Cricket, sorry cricket

2008-12-03 00:00

LAST week a letter arrived from a gifted youngster trying to survive in Harare. “I had gone to fetch my mum’s medication,” wrote the youth. “It was 8 pm and I didn’t have any money so [I] had to walk home and I was passing by this small forest with two people who were going the same way. From nowhere a group of 10 men came up and said that they wanted us to sing the Zanu-PF national slogan. When none of us knew it they started beating us and then took some plastic bags they had and told one of my companions to take off his shirt and lie on his stomach then they started dropping those burning plastics on his back. I could hear his pain through his screams.”

Welcome to Zimbabwe. Death and decay stalk the land. The opposition is crushed.

Fake talks are held in an attempt to placate African leaders and loosen overseas accounts. Fortunes are stashed as citizens starve. An arrogant and pernicious political party rides roughshod over its own people. Hospitals and schools close down, water goes brown, food runs out, cholera spreads, an election is so badly lost that it takes two months to rig the result. God knows why we bother about some dust-up in a Brisbane bar.

Everyone talks about keeping sport and politics apart. It is rot. Politics is about Democrat or Republican, African National Congress or the Congress of the People, and it is no one’s damn business. This is about tyranny and humanity. Cricket stood firm against apartheid. How could such a diverse game act otherwise? Africa railed against white supremacy. India stood firm. Even the Western nations eventually understood. Cricket isolated apartheid. It ruined the careers of some great players, which was a small price to pay. Cricket could look itself in the eye. After all, some of the greatest modern leaders had emerged from cricket-playing countries. Nelson Mandela, Desmond Tutu and Mahatma Gandhi may never have bowled a leg-break between them but they set the benchmark for protecting the oppressed.

Now the downtrodden and vilified once again seek succour. So far they have received nothing ex-cept a slap in the face. It appears that black tyranny is not as bad as other versions. Accordingly the smug and ill-informed promoters of the game in this country and elsewhere ignore the suffering of the Zimbabwean people. Instead they talk blithely about restoring Test cricket to that benighted nation. In their arrogance they blame colonial conspirators, not despotism, for the disintegration of that nation. Let them go and live there. Let them seek treatment in a hospital or feed a family or attend school or fend off cholera. Let them speak their minds.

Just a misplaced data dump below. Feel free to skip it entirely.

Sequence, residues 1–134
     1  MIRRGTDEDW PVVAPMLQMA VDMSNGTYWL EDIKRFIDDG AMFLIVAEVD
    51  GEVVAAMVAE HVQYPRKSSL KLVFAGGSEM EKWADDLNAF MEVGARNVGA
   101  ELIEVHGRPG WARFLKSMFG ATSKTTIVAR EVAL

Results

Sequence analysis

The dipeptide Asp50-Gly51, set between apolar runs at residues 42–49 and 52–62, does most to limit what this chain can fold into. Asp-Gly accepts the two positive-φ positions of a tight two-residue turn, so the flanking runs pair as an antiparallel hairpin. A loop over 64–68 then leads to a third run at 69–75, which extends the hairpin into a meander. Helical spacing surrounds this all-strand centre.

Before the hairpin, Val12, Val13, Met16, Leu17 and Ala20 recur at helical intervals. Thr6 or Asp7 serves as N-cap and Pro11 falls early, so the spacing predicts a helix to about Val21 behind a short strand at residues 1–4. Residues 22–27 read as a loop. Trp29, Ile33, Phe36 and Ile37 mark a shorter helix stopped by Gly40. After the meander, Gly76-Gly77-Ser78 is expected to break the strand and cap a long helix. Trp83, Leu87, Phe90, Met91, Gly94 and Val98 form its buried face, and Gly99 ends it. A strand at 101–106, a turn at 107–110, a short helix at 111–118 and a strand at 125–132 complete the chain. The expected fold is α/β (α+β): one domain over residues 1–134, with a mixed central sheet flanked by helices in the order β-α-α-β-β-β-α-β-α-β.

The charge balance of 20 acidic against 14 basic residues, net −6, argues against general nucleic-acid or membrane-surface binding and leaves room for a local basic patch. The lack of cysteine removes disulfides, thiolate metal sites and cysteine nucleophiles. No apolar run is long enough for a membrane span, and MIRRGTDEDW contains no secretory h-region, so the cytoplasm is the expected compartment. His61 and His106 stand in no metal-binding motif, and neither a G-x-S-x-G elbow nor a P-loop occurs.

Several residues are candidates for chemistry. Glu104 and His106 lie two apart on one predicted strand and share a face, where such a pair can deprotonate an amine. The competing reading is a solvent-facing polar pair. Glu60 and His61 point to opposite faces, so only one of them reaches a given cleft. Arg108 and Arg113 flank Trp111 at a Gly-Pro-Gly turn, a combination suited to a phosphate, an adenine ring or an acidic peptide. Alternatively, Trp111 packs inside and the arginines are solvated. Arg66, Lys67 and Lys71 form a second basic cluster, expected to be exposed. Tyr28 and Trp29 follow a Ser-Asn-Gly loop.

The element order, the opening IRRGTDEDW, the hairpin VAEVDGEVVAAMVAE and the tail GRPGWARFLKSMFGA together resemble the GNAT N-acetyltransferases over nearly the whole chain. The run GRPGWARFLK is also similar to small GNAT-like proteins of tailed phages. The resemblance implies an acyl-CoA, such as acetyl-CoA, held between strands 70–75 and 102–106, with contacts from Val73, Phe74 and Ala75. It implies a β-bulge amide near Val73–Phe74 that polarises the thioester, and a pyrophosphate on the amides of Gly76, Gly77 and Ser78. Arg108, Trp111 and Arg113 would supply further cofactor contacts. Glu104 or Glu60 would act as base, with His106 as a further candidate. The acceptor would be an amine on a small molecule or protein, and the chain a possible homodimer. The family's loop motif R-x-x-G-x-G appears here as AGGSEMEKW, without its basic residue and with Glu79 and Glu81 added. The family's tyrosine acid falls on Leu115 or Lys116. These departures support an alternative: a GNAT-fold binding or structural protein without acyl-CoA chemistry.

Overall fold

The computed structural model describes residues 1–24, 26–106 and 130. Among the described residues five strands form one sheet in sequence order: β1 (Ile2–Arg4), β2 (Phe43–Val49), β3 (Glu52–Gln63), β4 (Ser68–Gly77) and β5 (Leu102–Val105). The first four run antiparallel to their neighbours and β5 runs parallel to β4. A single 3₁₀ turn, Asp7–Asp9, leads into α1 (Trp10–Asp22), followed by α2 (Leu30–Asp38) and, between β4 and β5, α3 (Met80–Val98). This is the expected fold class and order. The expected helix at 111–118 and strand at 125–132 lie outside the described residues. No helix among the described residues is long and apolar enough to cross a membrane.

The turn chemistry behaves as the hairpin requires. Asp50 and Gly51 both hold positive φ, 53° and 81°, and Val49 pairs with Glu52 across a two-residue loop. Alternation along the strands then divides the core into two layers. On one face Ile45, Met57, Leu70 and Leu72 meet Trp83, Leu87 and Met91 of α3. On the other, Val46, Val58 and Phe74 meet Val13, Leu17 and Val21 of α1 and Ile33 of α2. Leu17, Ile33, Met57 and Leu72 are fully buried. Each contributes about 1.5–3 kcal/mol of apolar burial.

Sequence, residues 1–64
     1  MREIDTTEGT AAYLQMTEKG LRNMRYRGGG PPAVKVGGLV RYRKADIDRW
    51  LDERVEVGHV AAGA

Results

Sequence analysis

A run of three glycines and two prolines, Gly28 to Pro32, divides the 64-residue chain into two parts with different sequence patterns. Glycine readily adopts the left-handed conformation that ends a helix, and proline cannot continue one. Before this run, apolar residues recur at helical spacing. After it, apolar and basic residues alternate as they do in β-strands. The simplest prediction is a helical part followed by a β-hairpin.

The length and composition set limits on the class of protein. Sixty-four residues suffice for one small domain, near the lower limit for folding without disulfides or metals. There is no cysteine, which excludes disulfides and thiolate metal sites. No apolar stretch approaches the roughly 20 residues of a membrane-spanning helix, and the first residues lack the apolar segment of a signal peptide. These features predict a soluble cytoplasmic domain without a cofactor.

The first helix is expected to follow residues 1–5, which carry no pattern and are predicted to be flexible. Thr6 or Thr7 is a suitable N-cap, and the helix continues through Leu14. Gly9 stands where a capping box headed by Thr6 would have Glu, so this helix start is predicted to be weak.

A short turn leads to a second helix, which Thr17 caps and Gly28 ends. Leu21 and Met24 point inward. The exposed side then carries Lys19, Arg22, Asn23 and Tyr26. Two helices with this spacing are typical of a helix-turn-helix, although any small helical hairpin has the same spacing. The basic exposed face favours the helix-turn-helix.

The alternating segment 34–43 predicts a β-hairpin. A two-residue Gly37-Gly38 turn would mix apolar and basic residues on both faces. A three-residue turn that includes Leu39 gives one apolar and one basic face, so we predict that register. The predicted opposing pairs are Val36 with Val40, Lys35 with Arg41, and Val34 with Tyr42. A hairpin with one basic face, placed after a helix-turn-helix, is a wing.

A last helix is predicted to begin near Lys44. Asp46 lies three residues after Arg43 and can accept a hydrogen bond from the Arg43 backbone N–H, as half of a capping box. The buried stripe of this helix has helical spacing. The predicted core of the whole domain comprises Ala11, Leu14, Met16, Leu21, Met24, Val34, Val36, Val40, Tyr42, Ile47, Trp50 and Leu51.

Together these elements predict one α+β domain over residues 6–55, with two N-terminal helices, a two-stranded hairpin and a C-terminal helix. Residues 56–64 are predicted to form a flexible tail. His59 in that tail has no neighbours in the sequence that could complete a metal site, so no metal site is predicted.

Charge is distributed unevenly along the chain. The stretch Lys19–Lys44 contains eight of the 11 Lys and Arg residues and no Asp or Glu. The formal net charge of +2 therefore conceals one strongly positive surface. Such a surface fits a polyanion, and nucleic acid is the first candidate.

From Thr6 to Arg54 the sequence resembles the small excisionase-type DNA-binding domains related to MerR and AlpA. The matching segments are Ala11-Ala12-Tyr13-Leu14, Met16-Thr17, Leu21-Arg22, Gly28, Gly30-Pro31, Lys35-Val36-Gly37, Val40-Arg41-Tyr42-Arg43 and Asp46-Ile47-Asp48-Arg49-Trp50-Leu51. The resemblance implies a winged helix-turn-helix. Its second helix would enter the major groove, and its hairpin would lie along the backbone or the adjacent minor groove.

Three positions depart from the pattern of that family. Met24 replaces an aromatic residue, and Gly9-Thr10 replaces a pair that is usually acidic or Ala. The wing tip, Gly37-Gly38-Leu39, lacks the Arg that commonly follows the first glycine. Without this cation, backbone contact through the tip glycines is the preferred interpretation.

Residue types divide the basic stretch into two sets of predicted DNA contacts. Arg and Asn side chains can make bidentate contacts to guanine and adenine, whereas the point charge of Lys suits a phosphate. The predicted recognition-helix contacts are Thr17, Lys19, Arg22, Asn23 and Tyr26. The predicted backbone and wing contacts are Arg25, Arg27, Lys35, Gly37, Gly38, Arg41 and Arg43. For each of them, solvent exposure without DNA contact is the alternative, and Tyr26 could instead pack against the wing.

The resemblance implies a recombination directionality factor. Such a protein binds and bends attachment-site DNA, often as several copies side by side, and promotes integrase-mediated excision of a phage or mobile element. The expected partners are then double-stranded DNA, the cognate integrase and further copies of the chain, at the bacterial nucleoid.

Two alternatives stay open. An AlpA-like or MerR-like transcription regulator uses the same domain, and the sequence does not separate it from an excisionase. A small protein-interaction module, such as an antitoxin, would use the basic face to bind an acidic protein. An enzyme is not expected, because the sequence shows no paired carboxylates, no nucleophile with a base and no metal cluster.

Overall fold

Make no mistake, Zimbabwean cricket is merely an arm of Zanu-PF evil.

Peter Chingoka, the long-standing chairman of a despicable cricket board, is allied to the influential Mujuru faction. He has mining interests, vast investments and houses overseas. Ozias Bvute, his thuggish CEO, is cut from the same stone. These fat cats have gained from the activities of the Central Intelligence Organisation (CIO), Robert Mugbe’s youth militias known as the “green bombers” and all the other ghastly representatives of the repressive state.

Recently an International Cricket Council (ICC) delegation has been investigating the running of the game in Zimbabwe. It is a step in the right direction, taken despite protests. After all, $12 million was allocated to Zimbabwe Cricket (ZC) last year and cricket is entitled to know how it was distributed. Judging from the unpaid hotel bills, unpaid wages, overgrown club grounds, cancelled matches and declining standards, precious little has been spent on cricket. Mind you ZC did manage to send 14 officials on its last U19 tour to South Africa.

Hopefully these delegates did not idle in five-star hotels sipping copious amounts of whisky with their hosts. Percy Sonn set the benchmark in that regard. The bitter, clever, late and unlamented former president of the ICC enjoyed expensive grog almost as much as his hosts and like them ignored the cries of the common man. Ray Mali, a foolish imposter who replaced Sonn, was promptly taken on the guided tour and announced that Zimbabwe was bound to go to the top of the one-day rankings. Chingoka, Bvute and their relatives must have smiled to hear this absurdity.

If the current delegates look under the carpet they will be shocked. They might contact past administrators, black and Indian. One recently resigned ZC official described Chingoka as “diabolical”. Likewise they must look at the country itself. Haroon Lorgat, COE of the ICC and a member of the delegation, was an anti-apartheid activist. He cannot have lost all his principles in the interim. The game looks towards him and Arjuna Ranatunga and Julian Hunte, but without undue confidence. Lorgat and the Indian bigwigs keep talking about ignoring politics. It is a sickening denial of responsibility.

Perhaps they might consider the rest of the teenager’s letter. He wrote: “They told me not to tell anyone [a]bout it. I still have nightmares but the thing that shocked me the most is how people in my country had ever turned to this.”

If these words are not enough to shame cricket into action they might consider Albert Camus who wrote: “In a world of victims and executioners, it is the job of thinking people not to be on the side of the executioners.”

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